- The Washington Times - Thursday, May 4, 2006

William Finn, the brilliant composer of such works as “The Putnam County Spelling Bee” and “A New Brain,” has often commented that the book is the bete noir of musicals. “Becoming George,” a new musical receiving its first staging at Alexandria’s MetroStage, is no exception.

As conceived by Patti McKenny and Doug Frew, “Becoming George” is not about 19th-century French author George Sand’s (Kat’ Taylor) work as a rabble-rousing writer, or as a proto-feminist, or as the lover of famous men Frederic Chopin, Alfred de Musset and Prosper Merimee.

Instead, the musical dwells on the former Aurore Dudevant’s sunset years, when she is a reflective duffer ruminating on past loves, the Franco-Prussian War, and the artistic development of the young Sarah Bernhardt (Meegan Midkiff).

What — did the show’s creators think George Sand’s life wasn’t interesting enough? Good heavens, she wrote 71 novels, numerous political pamphlets, 24 plays, and kept up a robust correspondence with the likes of Flaubert, Balzac, Walt Whitman, and Elizabeth Barrett Browning. She fled an early marriage to an abusive drunk, was a confidante of both artists and chambermaids, spoke fluent Latin and Greek, rode horses like a man, smoked cigars, and enjoyed numerous younger lovers (whom she called “secretaries”) until her death just shy of age of 72 at her beloved country estate Nohant.

George Sand’s greatest creation was herself, but all this is largely brushed aside in favor of a touchy-feely, “free to be you and me” message about becoming your own woman that is belabored until you can almost hear Helen Reddy singing in the wings.

If that’s not enough to make you want to impale yourself on a quill pen, the musical contains other characters who are harbingers of the self-help movement: Alexandre Dumas the younger (Greg Violand), who finally gets over the fact his father wrote better novels; the Prince (Brian Childers), who realizes he just wants to be liked (Is that so wrong?); and Sand’s peasant-class lover Gerard (Jason Hentrich), who tires of being a boy-toy and finds his place as a droning mouthpiece for the people.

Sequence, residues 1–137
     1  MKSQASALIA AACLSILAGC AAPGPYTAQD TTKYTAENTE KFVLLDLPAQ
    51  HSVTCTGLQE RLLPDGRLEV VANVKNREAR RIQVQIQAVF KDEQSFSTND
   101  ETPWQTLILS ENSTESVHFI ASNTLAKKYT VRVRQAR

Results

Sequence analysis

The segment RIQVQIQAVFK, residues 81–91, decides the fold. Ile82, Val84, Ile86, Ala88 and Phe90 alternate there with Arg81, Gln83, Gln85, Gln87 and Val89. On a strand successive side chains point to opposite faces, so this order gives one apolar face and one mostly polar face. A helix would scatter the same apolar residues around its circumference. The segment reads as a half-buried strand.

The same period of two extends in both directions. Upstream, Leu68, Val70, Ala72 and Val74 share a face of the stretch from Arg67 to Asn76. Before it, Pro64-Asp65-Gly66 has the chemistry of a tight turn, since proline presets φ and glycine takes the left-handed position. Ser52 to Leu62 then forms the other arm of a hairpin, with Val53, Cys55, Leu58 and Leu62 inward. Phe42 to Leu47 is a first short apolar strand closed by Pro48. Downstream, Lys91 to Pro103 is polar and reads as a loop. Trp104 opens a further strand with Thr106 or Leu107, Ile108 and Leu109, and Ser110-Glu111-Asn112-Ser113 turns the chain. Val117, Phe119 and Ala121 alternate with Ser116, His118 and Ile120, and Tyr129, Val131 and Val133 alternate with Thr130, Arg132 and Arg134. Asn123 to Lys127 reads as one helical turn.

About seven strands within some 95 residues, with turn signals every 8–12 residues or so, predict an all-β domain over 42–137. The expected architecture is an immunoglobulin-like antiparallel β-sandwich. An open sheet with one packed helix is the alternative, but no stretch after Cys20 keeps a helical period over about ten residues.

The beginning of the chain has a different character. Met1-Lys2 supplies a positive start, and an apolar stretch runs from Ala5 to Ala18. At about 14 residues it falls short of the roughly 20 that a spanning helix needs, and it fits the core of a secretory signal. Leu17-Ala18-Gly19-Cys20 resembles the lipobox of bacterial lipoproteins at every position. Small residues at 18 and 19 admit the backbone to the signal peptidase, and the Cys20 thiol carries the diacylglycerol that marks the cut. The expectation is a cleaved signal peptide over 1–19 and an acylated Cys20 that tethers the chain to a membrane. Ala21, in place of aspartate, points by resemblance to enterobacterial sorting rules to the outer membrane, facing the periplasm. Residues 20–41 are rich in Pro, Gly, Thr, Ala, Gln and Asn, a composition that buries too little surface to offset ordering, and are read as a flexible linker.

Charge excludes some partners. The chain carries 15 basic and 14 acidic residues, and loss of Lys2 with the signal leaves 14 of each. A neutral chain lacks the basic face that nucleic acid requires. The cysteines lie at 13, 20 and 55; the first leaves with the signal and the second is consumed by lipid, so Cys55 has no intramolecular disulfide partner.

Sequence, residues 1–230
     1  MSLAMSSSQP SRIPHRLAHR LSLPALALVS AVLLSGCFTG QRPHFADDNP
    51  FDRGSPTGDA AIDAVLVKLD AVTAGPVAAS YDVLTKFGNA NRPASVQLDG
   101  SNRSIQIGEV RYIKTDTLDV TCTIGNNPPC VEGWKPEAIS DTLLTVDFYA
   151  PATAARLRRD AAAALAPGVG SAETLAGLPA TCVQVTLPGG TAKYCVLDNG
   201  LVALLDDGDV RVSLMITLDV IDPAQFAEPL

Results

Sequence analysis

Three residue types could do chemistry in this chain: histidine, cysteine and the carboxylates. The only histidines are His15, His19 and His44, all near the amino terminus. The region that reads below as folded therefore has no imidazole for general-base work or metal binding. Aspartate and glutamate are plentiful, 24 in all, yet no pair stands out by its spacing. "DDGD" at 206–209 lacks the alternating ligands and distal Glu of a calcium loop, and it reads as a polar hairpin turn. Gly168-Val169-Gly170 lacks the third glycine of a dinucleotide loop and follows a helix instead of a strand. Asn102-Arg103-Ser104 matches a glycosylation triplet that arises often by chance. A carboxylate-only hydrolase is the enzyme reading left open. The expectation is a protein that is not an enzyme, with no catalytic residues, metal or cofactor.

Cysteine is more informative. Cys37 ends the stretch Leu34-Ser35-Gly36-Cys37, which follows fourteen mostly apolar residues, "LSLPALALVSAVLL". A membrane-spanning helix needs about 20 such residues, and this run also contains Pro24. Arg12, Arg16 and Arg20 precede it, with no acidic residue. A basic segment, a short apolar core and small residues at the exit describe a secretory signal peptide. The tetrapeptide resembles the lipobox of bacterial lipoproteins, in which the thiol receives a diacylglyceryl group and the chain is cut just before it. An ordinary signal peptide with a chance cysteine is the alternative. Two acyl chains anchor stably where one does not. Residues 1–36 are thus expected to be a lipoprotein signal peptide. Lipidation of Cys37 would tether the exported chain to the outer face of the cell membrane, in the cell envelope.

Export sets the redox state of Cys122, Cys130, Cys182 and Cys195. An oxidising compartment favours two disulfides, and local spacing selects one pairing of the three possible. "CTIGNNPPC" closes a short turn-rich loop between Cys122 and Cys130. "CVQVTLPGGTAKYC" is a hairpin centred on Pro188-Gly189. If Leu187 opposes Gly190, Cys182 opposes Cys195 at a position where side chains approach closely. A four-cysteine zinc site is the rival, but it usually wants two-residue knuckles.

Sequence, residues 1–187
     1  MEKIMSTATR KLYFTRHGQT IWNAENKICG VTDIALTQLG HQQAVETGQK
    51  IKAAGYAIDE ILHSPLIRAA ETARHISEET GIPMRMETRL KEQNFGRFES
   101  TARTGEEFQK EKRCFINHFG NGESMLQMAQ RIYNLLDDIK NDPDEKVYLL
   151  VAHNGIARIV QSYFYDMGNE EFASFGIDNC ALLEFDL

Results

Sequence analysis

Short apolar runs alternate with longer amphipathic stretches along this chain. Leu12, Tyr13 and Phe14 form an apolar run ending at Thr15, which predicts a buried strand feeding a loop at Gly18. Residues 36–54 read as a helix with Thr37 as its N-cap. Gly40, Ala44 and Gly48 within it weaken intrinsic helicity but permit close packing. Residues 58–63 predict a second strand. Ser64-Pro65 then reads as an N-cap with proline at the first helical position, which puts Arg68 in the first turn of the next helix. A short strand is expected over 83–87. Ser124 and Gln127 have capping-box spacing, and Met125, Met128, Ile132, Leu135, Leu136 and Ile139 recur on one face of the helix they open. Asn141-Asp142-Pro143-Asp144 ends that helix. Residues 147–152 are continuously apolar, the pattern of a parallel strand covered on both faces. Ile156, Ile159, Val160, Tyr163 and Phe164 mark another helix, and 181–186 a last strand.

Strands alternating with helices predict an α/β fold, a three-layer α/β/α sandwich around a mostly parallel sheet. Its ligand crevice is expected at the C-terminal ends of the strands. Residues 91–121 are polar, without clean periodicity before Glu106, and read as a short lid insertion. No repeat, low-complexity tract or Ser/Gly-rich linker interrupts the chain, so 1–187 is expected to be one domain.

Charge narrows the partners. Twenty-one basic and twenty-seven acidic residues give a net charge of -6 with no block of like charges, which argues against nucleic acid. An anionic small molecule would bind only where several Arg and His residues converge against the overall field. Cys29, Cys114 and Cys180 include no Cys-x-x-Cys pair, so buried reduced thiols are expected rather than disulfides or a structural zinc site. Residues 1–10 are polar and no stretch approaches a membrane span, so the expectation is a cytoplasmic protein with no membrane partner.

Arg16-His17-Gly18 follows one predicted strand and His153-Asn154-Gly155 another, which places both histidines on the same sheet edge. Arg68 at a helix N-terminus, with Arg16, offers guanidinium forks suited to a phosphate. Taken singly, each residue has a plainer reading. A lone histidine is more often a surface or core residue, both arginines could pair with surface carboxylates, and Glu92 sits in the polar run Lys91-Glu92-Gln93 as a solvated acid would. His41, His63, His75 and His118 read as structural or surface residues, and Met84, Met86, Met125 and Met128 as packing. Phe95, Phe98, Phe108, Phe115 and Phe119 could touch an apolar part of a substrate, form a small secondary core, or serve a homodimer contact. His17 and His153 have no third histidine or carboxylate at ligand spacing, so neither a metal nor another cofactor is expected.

The most egregious self-improvement project is La Bernhardt, who gives off not one whiff of the legendary talent we have come to associate with the actress. Miss Midkiff possesses an angelic face and an operatic soprano (which gets a little squeaky in the upper registers), but an actress with dramatic heft she’s not. You have trouble understanding why the strong-minded, impassioned Sand would be solicitous of such a ninny. Miss Taylor is a wise and intelligently benevolent presence as George Sand, and her voice is warmly reminiscent of cigars and cognac.

Some of the music, by Linda Eisenstein, is catchy and tuneful, in particular “My Quiet Country Life,” a tongue-in-cheek look at the rollicking bohemian lifestyle at Nohant; “Go Where the Girls Can’t Go,” full of brass and other masculine touches; and the subdued “Letters to the Night,” in which Sand recalls her years with Chopin in a song delicately echoing the composer’s musical cascades and flourishes. The lyrics contain moments of style and wit, but the rhymes are a bit heavy at times, and the constant stream of literary references put you in mind of Norton’s Anthology of Literature with a downbeat.

The layered, intertwining story lines of “Becoming George” recall another musical about an artist, Stephen Sondheim’s “Sunday in the Park With George.” But where Mr. Sondheim’s masterpiece exudes brilliance and invention in its evocation of the artistic process, “Becoming George” is merely a sketch that shows tiny glints of promise.

**

WHAT: “Becoming George,” book and lyrics by Patti McKenny and Doug Frew, music by Linda Eisenstein

WHERE: MetroStage, 1201 North Royal St., Alexandria

WHEN: 8 p.m. Wednesdays through Sundays, 2 and 7 p.m. Sundays. Through May 28.

TICKETS: $35 to $40

PHONE: 703/548-9044

MAXIMUM RATING: FOUR STARS

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